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2024 Participants: Hannah Ackermans * Sara Alsherif * Leonardo Aranda * Brian Arechiga * Jonathan Armoza * Stephanie E. August * Martin Bartelmus * Patsy Baudoin * Liat Berdugo * David Berry * Jason Boyd * Kevin Brock * Evan Buswell * Claire Carroll * John Cayley * Slavica Ceperkovic * Edmond Chang * Sarah Ciston * Lyr Colin * Daniel Cox * Christina Cuneo * Orla Delaney * Pierre Depaz * Ranjodh Singh Dhaliwal * Koundinya Dhulipalla * Samuel DiBella * Craig Dietrich * Quinn Dombrowski * Kevin Driscoll * Lai-Tze Fan * Max Feinstein * Meredith Finkelstein * Leonardo Flores * Cyril Focht * Gwen Foo * Federica Frabetti * Jordan Freitas * Erika FülöP * Sam Goree * Gulsen Guler * Anthony Hay * SHAWNÉ MICHAELAIN HOLLOWAY * Brendan Howell * Minh Hua * Amira Jarmakani * Dennis Jerz * Joey Jones * Ted Kafala * Titaÿna Kauffmann-Will * Darius Kazemi * andrea kim * Joey King * Ryan Leach * cynthia li * Judy Malloy * Zachary Mann * Marian Mazzone * Chris McGuinness * Yasemin Melek * Pablo Miranda Carranza * Jarah Moesch * Matt Nish-Lapidus * Yoehan Oh * Steven Oscherwitz * Stefano Penge * Marta Pérez-Campos * Jan-Christian Petersen * gripp prime * Rita Raley * Nicholas Raphael * Arpita Rathod * Amit Ray * Thorsten Ries * Abby Rinaldi * Mark Sample * Valérie Schafer * Carly Schnitzler * Arthur Schwarz * Lyle Skains * Rory Solomon * Winnie Soon * Harlin/Hayley Steele * Marylyn Tan * Daniel Temkin * Murielle Sandra Tiako Djomatchoua * Anna Tito * Introna Tommie * Fereshteh Toosi * Paige Treebridge * Lee Tusman * Joris J.van Zundert * Annette Vee * Dan Verständig * Yohanna Waliya * Shu Wan * Peggy WEIL * Jacque Wernimont * Katherine Yang * Zach Whalen * Elea Zhong * TengChao Zhou
CCSWG 2024 is coordinated by Lyr Colin (USC), Andrea Kim (USC), Elea Zhong (USC), Zachary Mann (USC), Jeremy Douglass (UCSB), and Mark C. Marino (USC) . Sponsored by the Humanities and Critical Code Studies Lab (USC), and the Digital Arts and Humanities Commons (UCSB).

Tracing “Toxicity” Through Code: Towards a Method of Explainability and Interpretability in Software

Abstract: The ubiquity of digital technologies in citizen’s lives marks a major qualitative shift where automated decisions taken by algorithms deeply affect the lived experience of ordinary people. But this is not just an action-oriented change as computational systems can also introduce epistemological transformations in the constitution of concepts and ideas. However, a lack of public understanding of how algorithms work also makes them a source of distrust, especially concerning the way in which they can be used to create frames or channels for social and individual behaviour. This public concern has been magnified by election hacking, social media disinformation, data extractivism, and a sense that Silicon Valley companies are out of control. The wide adoption of algorithms into so many aspects of peoples’ lives, often without public debate, has meant that increasingly algorithms are seen as mysterious and opaque, when they are not seen as inequitable or biased. Up until recently it has been difficult to challenge algorithms or to question their functioning, especially with wide acceptance that software’s inner workings were incomprehensible, proprietary or secret (cf. open source). Asking why an algorithm did what it did often was not thought particularly interesting outside of a strictly programming context. This meant that there has been a widening explanatory gap in relation to understanding algorithms and their effect on peoples’ lived experiences. This paper argues that Critical Code Studies offers a novel field for developing theoretical and code-epistemological practices to reflect on the explanatory deficit in modern societies from a reliance on information technologies. The challenge of new forms of social obscurity from the implementation of technical systems is heightened by the example of machine learning systems that have emerged in the past decade. A key methodological contribution of this paper is to show how concept formation, in this case of the notion of “toxicity,” can be traced through key categories and classifications deployed in code structures (e.g. modularity and layering software) but also how these classifications can appear more stable than they actually are by the tendency of software layers to obscure even as they reveal. How a concept such as “toxicity” can be constituted through code and discourse and then used unproblematically is revealing in relation to both its technical deployment but also for a possible computational sociology of knowledge. By developing a broadened notion of explainability, this paper argues that critical code studies can make important theoretical, code-epistemological and methodological contributions to digital humanities, computer science and related disciplines.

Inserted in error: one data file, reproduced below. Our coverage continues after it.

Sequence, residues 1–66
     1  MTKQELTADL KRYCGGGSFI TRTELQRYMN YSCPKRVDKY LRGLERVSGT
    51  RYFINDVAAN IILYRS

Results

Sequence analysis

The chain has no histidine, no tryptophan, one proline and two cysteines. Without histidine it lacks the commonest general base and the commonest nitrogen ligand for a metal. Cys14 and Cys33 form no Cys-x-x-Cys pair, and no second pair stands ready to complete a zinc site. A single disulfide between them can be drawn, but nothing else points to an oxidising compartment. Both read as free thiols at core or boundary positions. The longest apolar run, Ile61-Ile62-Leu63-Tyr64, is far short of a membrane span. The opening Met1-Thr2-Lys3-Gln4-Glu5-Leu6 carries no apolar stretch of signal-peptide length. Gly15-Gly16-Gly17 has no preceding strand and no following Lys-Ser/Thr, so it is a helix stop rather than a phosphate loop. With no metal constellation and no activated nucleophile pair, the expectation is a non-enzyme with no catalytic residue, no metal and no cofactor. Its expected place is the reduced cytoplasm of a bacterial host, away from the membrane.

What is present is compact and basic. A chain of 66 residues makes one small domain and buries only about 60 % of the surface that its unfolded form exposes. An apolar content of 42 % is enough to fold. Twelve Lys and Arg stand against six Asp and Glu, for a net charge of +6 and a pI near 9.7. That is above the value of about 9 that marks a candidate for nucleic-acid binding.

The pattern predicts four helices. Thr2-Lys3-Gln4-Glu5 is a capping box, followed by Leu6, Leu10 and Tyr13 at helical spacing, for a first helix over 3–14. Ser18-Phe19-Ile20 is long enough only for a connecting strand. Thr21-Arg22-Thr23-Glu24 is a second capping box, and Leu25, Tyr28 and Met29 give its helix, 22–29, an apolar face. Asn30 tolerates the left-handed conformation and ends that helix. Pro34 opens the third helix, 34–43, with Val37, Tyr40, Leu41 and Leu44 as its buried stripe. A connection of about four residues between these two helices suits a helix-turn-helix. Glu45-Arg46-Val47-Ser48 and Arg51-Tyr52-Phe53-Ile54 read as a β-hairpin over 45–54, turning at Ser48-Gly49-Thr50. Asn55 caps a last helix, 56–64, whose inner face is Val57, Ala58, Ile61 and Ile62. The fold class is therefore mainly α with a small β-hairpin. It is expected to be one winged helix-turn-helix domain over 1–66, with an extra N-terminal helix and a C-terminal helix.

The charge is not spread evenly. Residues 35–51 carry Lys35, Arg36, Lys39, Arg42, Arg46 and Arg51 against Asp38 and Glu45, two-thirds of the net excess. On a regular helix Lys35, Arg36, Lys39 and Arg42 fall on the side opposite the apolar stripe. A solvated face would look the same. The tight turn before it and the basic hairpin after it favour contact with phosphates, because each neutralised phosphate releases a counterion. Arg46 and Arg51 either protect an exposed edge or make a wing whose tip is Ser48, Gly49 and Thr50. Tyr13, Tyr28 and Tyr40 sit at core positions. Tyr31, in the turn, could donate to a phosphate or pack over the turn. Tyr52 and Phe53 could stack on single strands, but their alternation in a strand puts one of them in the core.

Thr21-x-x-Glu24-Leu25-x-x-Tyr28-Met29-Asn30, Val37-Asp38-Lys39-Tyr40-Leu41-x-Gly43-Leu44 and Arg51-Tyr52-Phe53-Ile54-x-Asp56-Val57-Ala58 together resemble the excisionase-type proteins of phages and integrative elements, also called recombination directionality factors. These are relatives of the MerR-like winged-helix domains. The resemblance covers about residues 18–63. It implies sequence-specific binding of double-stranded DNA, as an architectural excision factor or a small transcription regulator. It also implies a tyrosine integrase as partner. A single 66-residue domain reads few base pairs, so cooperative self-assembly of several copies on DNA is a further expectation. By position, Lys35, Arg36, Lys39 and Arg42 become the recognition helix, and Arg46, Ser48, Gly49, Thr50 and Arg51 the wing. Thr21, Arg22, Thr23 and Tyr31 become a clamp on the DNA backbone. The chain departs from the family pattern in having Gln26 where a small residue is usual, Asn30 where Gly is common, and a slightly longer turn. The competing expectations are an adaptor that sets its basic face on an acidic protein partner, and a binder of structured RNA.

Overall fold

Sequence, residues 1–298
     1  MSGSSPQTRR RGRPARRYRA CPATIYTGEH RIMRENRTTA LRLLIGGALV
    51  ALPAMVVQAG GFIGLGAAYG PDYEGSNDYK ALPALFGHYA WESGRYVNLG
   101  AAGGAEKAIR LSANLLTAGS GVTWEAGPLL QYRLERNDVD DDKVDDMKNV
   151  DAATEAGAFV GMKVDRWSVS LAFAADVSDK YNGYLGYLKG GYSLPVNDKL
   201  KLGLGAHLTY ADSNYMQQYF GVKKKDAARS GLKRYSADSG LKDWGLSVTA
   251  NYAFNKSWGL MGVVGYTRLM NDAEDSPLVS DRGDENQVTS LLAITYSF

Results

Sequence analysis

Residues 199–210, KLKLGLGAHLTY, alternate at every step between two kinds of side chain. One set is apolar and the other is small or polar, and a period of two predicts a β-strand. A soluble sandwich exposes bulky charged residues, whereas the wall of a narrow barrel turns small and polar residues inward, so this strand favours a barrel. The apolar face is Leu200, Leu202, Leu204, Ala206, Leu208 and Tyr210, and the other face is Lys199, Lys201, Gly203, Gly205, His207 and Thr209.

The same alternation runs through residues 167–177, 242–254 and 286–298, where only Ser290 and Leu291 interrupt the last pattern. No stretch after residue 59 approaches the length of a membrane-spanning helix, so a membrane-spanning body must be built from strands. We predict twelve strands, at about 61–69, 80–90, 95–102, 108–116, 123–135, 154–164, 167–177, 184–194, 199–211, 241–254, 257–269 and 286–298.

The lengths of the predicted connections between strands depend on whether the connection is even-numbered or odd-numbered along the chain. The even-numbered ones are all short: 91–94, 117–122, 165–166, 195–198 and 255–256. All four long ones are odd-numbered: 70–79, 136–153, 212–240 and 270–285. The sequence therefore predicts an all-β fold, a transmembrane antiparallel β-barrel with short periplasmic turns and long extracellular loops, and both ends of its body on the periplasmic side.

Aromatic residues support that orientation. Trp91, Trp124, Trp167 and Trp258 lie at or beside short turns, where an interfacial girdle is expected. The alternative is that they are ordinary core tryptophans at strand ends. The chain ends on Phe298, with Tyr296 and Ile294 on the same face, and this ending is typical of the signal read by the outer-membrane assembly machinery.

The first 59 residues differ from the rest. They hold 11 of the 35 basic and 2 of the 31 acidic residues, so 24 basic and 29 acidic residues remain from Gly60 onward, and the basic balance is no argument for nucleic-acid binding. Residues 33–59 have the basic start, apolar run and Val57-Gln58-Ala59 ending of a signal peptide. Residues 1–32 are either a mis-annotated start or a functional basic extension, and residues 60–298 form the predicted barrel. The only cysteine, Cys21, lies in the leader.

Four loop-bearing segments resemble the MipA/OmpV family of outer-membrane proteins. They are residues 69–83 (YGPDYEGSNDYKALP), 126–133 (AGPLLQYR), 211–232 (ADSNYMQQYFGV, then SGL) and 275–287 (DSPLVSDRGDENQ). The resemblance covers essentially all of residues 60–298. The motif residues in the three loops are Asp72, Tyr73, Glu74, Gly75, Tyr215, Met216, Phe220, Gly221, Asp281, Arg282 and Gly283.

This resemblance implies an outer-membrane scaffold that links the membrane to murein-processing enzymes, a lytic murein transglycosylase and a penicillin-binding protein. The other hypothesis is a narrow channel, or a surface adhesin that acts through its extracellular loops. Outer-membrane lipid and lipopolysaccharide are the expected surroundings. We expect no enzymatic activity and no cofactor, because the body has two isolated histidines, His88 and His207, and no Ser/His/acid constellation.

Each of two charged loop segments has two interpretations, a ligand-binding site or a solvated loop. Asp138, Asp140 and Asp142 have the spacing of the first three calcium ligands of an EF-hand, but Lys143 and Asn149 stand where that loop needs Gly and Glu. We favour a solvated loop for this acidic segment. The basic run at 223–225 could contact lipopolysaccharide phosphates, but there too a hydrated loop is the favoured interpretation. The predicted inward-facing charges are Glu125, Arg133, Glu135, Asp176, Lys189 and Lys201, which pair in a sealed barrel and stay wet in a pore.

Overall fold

Read the paper here


  1. This paper sets out a new research programme in digital humanities and critical code studies related to exploring concept formation and how rather than purely discursive, extra-discursive prescriptive elements from software (and para-code) can be mobilised to stabilise it. What other examples of similar approaches are seen in the literature or in technical work?
  2. Tracing as a method in critical code studies seems to me to have great potential for traversing the code-domain and social (the socio-code) in order to understand the importance of the interrelation of the two. What other tools can we bring to examining the socio-code for this type of code/concept analysis that moves between social and algorithmic levels of description? (Here I am thinking of techniques such as Entity Relationship Diagrams, UML, and other techniques).
  3. One of the problems with this method is that it requires the management of multiple levels of discourse and code and their interdependence. As this was a relatively scoped analysis the difficulty of juggling the levels was relatively straightforward, but it would be good to be able to use some form of digital asset management, code management tool, IDE or other technique to assist with the process. Perhaps something like NVivo might assist with this? Do people have experience of managing multiple, inter-layered and inter-textual document analysis that might help with this?